Obama says al Qaeda still greatest threat to U.S.

SHANGHAI Mon Nov 16, 2009 5:05pm EST

President Barack Obama steps off Air Force One upon his arrival in Beijing, November 16, 2009. REUTERS/Jason Lee

President Barack Obama steps off Air Force One upon his arrival in Beijing, November 16, 2009.

Credit: Reuters/Jason Lee

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SHANGHAI (Reuters) - President Barack Obama said on Monday that al Qaeda remained the biggest threat to U.S. security, as his aides stepped up pressure on Afghanistan and Pakistan to cooperate with Washington's strategy in the troubled region.

In a sign the pressure was working, Afghanistan later announced it was forming a new anti-corruption unit to fight rampant graft, seen as critical in winning back the people's support in the war against a resurgent Taliban.

Obama, who was visiting Shanghai as part of a nine-day Asian tour, is nearing a decision on whether to send up to 40,000 more troops to fight the eight-year-old war in Afghanistan.

He has faced criticism at home for "dithering" on the Afghan war strategy, and the political pressure has been rising to make a decision soon.

"I continue to believe that the greatest threat to the United States' security are the terrorist networks like al Qaeda," Obama told Chinese students at a town hall meeting in Shanghai.

"They have now moved over the border of Afghanistan and are in Pakistan, but they continue to have networks with other extremist organizations in that region and I do believe it is important for us to stabilize Afghanistan."

One of Obama's top aides had delivered a letter to Pakistani President Asif Ali Zardari urging him to work with the United States against extremists, the New York Times reported on Monday.

In the letter, Obama offered Zardari a range of new incentives to the Pakistanis for their cooperation, including enhanced intelligence sharing and military cooperation, according to the Times, which said the missive was delivered in person by National Security Adviser General James Jones.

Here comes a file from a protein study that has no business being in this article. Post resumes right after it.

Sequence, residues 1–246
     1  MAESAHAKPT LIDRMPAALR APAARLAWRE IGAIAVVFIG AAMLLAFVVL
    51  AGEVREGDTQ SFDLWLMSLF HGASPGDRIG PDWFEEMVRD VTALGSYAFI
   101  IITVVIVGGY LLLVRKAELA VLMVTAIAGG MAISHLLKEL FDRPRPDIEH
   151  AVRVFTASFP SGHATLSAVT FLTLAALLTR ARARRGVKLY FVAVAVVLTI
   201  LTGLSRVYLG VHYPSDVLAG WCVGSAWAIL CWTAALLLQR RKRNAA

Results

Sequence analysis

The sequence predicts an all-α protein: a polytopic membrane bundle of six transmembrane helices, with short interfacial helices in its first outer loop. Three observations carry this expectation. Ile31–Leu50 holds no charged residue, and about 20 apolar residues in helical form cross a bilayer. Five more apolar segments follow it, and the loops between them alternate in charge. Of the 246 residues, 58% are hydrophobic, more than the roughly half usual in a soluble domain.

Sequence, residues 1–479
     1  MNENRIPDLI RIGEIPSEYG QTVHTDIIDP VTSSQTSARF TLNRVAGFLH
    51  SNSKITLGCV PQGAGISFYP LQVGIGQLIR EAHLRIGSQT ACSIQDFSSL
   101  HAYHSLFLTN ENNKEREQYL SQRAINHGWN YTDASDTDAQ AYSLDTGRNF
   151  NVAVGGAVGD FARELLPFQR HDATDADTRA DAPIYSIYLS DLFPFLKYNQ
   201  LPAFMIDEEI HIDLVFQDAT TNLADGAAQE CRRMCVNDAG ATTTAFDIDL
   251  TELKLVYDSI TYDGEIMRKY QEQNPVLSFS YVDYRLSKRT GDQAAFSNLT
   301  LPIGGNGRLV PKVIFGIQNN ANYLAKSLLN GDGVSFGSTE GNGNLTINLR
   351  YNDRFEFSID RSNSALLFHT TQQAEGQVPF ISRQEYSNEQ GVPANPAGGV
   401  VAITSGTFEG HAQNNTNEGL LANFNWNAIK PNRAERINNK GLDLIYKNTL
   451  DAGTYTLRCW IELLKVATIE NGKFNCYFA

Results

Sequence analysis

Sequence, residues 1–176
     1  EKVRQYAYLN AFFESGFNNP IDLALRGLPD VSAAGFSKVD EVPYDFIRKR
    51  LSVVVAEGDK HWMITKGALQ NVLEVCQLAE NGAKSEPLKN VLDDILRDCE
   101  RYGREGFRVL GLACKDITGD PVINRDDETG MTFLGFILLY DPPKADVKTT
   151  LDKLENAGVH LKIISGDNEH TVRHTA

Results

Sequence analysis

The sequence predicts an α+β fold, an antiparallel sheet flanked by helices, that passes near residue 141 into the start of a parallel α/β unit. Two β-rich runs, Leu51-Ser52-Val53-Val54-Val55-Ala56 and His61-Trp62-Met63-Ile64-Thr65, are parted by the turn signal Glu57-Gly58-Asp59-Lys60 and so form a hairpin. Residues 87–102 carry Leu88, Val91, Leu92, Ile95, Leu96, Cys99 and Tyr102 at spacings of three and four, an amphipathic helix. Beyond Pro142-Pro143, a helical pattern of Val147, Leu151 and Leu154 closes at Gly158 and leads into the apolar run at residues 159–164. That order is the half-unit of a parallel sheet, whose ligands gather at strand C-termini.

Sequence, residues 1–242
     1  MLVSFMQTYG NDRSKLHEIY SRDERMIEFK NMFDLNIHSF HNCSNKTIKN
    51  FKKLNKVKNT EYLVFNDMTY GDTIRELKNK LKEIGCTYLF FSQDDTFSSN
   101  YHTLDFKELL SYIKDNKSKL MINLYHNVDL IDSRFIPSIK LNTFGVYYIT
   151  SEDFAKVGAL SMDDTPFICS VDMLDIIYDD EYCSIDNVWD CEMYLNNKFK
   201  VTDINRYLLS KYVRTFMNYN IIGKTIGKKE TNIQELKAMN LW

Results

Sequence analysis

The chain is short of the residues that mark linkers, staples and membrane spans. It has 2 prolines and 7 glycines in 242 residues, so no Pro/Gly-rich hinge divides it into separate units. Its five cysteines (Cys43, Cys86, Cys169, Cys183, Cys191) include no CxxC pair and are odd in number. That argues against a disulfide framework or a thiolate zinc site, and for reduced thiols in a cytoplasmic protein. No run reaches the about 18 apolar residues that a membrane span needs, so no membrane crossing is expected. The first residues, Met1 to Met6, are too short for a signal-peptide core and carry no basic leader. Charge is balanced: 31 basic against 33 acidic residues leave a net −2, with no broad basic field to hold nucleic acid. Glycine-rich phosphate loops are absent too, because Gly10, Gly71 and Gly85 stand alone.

Jones had traveled to Pakistan just before joining Obama over the weekend in Singapore for a summit of Asia Pacific leaders.

In addition to Zardari, Jones met with Pakistani Prime Minister Yusuf Raza Gilani, Army chief General Ashfaq Kayani and other officials.

Jones's press secretary, Mike Hammer, would not discuss what was said in the meetings nor whether a letter was delivered.

In Islamabad, Pakistani Foreign Ministry spokesman Abdul Basit confirmed Jones had delivered a letter but declined to give details.

"It was a diplomatic communication," said Basit, who also declined to comment on the reported U.S. call for Pakistan to do more.

The effort to seek greater cooperation from Pakistan came as Secretary of State Hillary Clinton called on Afghan President Hamid Karzai to do a better job of tackling corruption within his government and create a major crimes tribunal.

"We're going to be doing what we can to create an atmosphere in which the blood and treasure that the United States has committed to Afghanistan can be justified and can produce the kind of results that we're looking for," Clinton told ABC News.

"Now, we believe that President Karzai and his government can do better. We've delivered that message," she added.

On Monday, Afghanistan's Interior Ministry said it would form a high-level anti-corruption unit to investigate and prosecute graft among senior officials.

"President Hamid Karzai, after being re-elected for another five years, has dedicated his five years to fighting corruption," Interior Minister Hanif Atmar told a news conference.

Atmar was flanked by U.S. ambassador Karl Eikenberry and British ambassador Mark Sedwill as he made the announcement.

"(Corruption) requires action. Words are cheap. Deeds are required," Eikenberry told the news conference.

DISSENT

Obama is facing dissent among his advisers over the strategy in Afghanistan.

General Stanley McChrystal, the top U.S. and NATO commander in Afghanistan, has requested 40,000 more troops for the war and says the mission is at risk of failure without them.

Last week, it emerged that Eikenberry had expressed deep concerns in memos to the president about sending in more troops until Karzai's government improved its performance.

Criticism of the delays in the decision-making process have increased lately.

"It is evident from the length of this deliberative process and from the flood of leaks that have emerged from Kabul and Washington that the perfect course of action does not exist," David Broder, a prominent columnist wrote in the Washington Post.

"Given that reality, the urgent necessity is to make a decision -- whether or not it is right," Broder said.

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